Policymakers see St. Anthony Falls as line in sand in fight against Asian carp

State and federal officials are pushing a bill in Congress that would close the lock and dam at St. Anthony Falls if the invasive fish is found nearby. They say if Asian carp get any farther up the Mississippi River, they would threaten Minnesota's $11 billion tourism industry.
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State and federal officials are pushing a bill in Congress that would close the lock and dam at St. Anthony Falls if the invasive fish is found nearby. They say if Asian carp get any farther up the Mississippi River, they would threaten Minnesota's $11 billion tourism industry.

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Bill in Washington would close St. Anthony Falls lock if Asian carp are found

The Army Corps of Engineers wants authority to close the lock and dam at Minneapolis' St. Anthony Falls at a moment's notice if invasive carp are found nearby. Supporters of the idea include the Minnesota DNR and Sen. Amy Klobuchar, who say stopping the migration of Asian carp up the Mississippi is needed to protect northern Minnesota waters.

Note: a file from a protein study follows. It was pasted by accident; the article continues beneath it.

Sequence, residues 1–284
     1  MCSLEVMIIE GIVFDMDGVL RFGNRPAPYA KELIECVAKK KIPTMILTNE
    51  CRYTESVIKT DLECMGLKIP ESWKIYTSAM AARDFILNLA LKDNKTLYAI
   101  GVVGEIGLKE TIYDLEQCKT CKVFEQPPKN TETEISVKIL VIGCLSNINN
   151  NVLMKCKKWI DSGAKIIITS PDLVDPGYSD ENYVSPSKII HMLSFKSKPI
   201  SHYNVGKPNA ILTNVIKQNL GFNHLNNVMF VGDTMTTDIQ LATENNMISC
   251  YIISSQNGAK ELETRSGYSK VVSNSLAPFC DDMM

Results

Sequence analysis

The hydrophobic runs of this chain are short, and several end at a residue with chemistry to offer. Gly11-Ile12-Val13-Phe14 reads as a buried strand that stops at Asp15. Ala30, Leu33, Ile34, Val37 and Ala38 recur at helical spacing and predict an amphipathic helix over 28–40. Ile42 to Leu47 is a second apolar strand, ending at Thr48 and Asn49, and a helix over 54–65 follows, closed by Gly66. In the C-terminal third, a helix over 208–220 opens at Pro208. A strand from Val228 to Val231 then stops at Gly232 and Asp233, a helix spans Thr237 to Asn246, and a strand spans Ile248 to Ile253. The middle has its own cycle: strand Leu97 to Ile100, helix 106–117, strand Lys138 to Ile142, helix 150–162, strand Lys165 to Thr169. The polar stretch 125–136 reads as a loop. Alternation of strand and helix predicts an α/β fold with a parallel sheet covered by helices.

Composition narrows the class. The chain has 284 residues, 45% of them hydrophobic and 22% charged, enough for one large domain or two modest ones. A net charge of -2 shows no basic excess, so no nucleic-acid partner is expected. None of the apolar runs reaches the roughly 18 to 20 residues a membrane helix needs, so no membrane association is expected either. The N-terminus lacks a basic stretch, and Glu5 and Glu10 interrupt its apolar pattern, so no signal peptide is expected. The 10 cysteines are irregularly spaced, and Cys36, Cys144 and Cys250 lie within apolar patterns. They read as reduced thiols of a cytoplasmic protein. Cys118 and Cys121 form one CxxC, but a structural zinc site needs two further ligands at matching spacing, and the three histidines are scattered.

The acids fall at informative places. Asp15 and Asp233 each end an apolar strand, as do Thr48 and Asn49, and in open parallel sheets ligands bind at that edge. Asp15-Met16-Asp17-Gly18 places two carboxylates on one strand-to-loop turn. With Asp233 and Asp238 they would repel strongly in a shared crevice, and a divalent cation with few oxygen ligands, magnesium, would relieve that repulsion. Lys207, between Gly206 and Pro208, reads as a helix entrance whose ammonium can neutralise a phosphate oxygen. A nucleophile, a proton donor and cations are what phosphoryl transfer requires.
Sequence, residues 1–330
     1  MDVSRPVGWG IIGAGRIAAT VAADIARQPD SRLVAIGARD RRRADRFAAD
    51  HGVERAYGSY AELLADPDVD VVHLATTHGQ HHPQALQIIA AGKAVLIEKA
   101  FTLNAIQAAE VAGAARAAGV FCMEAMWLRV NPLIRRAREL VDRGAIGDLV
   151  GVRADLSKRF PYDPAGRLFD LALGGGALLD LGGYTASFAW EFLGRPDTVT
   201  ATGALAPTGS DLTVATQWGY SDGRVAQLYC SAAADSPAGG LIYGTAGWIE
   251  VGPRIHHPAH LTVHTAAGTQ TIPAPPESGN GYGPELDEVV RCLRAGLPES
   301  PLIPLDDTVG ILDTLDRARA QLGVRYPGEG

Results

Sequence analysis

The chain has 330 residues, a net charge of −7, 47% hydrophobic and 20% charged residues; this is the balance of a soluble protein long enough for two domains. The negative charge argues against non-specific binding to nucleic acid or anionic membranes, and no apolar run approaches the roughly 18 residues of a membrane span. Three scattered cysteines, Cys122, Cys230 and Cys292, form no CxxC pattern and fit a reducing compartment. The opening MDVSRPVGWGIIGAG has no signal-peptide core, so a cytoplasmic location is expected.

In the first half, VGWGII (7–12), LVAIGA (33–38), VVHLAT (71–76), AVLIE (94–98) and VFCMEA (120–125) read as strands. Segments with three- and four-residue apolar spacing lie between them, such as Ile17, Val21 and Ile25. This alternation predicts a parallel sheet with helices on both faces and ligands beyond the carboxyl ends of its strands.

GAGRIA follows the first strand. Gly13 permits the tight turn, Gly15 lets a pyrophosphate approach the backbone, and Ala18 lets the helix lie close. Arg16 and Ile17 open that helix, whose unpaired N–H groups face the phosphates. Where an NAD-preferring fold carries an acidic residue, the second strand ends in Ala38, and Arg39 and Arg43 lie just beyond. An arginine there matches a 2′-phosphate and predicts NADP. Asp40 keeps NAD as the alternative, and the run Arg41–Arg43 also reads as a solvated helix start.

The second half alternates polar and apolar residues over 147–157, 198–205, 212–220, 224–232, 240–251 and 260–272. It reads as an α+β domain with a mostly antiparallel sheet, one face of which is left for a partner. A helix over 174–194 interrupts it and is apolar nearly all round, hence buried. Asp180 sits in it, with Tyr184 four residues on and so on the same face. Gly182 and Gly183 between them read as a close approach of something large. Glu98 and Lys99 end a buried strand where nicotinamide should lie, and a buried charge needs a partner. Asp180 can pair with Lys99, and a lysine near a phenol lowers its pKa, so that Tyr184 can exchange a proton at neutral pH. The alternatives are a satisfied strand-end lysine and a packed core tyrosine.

Supreme Court won't close locks to keep carp out of Great Lakes

The Associated Press reports the U.S. Supreme Court on Monday refused to hear an appeal filed by Minnesota and other Great Lakes states. The states asked the court to order the closure of shipping locks in the Chicago area to prevent the invasive Asian carp from spreading farther north.

Asian carp may infiltrate Minnesota from northwestern Iowa

State officials on the lookout for Asian carp have been monitoring the Mississippi River. But there are new fears that the invasive species may use another gateway to Minnesota. Anglers in northwestern Iowa have caught dozens of the carp in waters that connect through streams and lakes to southern Minnesota.

Threat of Asian carp divides Great Lakes states

The New York Times looks at how the invasive species is sometimes pitting neighbors against one another. For example, some states are pursuing legal action to build a barrier cutting off the Mississippi River from the Great Lakes, but Illinois is fighting back, saying that would leave Chicago unable to control floods and interfere with shipping.